Starting Thursday I will be in Toronto — one of North America’s very finest cities! — as the International Guest of Honor for SFContario 2, joining the estimable Karl Schroeder, Gardner Dozois and musical guests Toyboat, who are also guests of honor. If you are going, or were thinking of going but were wondering what things I would be doing whilst in Toronto, here is my official schedule of events.

Reading at the Merril Collection, Thursday, 7pm: I’ll likely read from Redshirts and then possibly a couple other things, and have a Q&A. I won’t be having a reading at the convention proper, so if you want to see one, from me specifically, this is when to do it. More details here.

Opening Ceremonies – Friday 7 PM, Ballroom BC

Criticism and Critique: Critics in the 21st Century – Saturday 11 AM, Gardenview: “Developments in social media and web 2.0 technology continue to blur the line between amateur and professional critics.  As North American colleges and universities produce record numbers of graduates, the media consuming public is transforming itself into something that feels it ought to be included in larger critical conversations.  Our panelists explore how professionals and amateurs work together to evaluate genre media.” (James Nicoll(M), John Scalzi, Matt Moore, Elizabeth Hirst)

Autographs – Saturday 1 PM, Autograph Area: Bring your books.

Creation Museum Slideshow – Saturday 2 PM, Ballroom BC: I’ll be doing the live show of my trip to the Creation Museum. Come watch blood shoot from my temples!

Author Guest of Honour interview – Saturday 3 PM, Ballroom BC: James Nicoll puts the screws to me, and I suspect we’ll also open it up to audience questions as well.

Writing in the Digital Age – Saturday 5 PM, Solarium: How does one survive as a writer in the age of the internet?  How does an internet persona fit together with the introverted lifestyle of an author?  What’s the best way to deal with the trolls and haters? (Stephanie Bedwell-Grime(M), Leah Bobet, Kent Pollard, Brett Savory, John Scalzi)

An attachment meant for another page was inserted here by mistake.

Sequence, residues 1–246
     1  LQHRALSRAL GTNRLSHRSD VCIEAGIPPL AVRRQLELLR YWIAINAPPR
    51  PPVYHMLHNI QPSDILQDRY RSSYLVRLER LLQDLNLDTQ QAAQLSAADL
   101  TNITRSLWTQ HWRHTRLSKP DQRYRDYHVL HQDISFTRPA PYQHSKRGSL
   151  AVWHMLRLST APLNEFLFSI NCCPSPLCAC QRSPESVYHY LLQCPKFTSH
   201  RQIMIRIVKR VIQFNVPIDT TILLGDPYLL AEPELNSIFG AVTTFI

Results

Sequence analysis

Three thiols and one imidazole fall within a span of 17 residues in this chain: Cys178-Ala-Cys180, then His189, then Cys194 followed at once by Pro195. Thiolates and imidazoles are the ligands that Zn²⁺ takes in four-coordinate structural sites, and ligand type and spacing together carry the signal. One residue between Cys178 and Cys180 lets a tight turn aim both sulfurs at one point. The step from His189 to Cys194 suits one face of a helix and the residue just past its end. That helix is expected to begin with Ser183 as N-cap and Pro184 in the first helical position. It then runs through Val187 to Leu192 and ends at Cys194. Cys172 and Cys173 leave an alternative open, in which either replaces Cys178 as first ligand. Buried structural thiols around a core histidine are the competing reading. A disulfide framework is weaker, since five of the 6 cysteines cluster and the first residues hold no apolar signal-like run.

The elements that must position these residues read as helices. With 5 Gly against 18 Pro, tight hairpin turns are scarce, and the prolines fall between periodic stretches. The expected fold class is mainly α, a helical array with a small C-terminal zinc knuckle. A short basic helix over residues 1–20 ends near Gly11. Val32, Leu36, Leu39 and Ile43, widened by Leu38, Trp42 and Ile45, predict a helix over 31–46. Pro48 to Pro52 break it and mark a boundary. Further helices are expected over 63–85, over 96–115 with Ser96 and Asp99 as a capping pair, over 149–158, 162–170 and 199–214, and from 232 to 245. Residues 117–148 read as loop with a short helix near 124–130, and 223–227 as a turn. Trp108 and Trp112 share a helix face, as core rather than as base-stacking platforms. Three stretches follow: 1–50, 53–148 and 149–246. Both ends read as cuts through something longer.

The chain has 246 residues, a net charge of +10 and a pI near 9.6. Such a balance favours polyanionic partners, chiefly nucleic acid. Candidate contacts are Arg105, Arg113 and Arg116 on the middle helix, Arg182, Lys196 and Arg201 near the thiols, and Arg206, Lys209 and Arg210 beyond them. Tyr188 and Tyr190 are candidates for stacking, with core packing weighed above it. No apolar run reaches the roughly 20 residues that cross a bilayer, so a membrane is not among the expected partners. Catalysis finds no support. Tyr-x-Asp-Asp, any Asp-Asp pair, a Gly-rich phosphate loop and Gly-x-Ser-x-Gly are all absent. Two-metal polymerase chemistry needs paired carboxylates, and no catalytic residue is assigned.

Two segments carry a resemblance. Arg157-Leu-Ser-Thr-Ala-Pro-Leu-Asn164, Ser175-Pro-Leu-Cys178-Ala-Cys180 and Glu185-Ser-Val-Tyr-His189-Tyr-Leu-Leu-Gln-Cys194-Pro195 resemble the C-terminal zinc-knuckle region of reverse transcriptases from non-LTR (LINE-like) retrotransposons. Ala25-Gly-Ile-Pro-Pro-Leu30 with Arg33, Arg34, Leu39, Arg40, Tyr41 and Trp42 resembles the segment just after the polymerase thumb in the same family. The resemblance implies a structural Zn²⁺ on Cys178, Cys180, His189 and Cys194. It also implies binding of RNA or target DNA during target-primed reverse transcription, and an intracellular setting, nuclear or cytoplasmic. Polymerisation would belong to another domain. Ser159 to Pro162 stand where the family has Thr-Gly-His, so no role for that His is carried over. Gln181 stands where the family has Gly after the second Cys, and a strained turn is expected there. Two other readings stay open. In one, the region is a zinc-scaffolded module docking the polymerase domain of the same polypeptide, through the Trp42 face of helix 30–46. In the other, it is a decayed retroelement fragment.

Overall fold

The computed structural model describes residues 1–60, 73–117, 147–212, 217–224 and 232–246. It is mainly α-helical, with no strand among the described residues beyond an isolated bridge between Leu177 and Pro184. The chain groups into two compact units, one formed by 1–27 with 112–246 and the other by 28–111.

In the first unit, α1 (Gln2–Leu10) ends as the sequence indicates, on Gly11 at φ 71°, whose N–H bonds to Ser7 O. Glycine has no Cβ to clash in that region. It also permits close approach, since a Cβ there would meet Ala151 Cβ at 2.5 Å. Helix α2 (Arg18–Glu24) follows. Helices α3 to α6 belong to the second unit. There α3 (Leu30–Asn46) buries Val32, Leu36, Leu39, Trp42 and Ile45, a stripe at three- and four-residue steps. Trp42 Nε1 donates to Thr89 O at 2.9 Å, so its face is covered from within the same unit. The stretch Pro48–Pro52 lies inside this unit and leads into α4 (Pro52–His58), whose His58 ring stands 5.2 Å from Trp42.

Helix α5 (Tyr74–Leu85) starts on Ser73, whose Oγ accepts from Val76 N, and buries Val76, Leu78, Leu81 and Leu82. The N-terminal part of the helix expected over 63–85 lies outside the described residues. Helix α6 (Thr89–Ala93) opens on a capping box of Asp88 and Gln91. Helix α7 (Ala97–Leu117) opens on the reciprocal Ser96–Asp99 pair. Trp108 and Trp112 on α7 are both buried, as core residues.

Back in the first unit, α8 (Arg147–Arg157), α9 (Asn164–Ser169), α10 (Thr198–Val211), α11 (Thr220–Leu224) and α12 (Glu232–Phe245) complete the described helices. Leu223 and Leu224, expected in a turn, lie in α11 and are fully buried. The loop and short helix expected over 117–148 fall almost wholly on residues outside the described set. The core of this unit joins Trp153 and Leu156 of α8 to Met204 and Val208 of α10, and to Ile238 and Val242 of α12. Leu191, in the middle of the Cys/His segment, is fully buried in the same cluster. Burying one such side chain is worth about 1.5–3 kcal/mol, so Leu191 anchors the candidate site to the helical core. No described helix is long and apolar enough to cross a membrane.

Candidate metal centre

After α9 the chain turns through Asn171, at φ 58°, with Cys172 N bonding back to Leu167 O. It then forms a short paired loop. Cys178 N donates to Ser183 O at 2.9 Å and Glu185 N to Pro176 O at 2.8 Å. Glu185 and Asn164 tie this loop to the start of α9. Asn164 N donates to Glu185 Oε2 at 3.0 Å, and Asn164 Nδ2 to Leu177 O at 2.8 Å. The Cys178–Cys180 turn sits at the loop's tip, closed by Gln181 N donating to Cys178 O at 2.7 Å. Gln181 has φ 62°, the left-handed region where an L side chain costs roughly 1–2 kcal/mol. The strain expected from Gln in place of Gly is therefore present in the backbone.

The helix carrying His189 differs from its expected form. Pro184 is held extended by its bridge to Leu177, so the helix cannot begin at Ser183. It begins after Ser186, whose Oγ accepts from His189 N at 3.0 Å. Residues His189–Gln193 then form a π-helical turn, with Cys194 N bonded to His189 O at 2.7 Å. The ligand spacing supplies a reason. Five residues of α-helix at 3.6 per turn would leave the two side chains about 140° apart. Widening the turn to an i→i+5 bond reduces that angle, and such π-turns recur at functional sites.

Kaffeeklatsch – Saturday 8 PM, Room 20: I assume like most kaffeklatches this will be first come, first served.

The Business of Writing – Sunday 2 PM, Solarium: For creative people, the business end of things is often the most difficult. Issues like getting published, finding an agent or editor, hunting out sources of funding, and dealing with copyright issues can be daunting. Come and learn how our panelists tackle these issues. (Marie Bilodeau(M), Leah Bobet, Robert J Sawyer, John Scalzi, Douglas Smith)

Closing Ceremonies – Sunday 3 PM, Ballroom BC

I expect I will also be at the Aurora Awards banquet and ceremony, although I’ll just be in the audience, not a participant.

See you there.

In the Rabbit Room

We’ve had a spate of sub-freezing nights recently (although today is positively balmy at 60+ degrees), so we decided that it was time for Cthulhu, Lord Snuggleston, to come inside for the winter. Fortunately, we happen to have a spare room in the basement that will serve His Eldritch Fluffiness’ needs. Here it is. You will see that he has the run of the room, and that we are bringing in other pets to acclimatize them to each other — although we do keep the bunny in the cage when we’re not down there, since I’m still not entirely convinced the cats are going to be as benign toward him as Daisy is. Be that as it may, having one’s own private room is definitely a step up from the carny cage from whence this rabbit was sprung. I hope he appreciates it, in his rabbitty way.


I got a Klout account a few months ago when it did that promotion of allowing its members to get an early view of the US version of Spotify, and that was reason enough to give it a spin. Well, I still have my Spotify account, but this morning I deleted my Klout account. Part of that was due to the various kvetches I’ve seen regarding Klout’s rather lackadaisical approach to privacy, noted by everyone from Charlie Stross to the New York Times, but really, at the end of the day (or the beginning of it, as I deleted the account this morning), I left Klout because I suspect the service is in fact a little bit socially evil.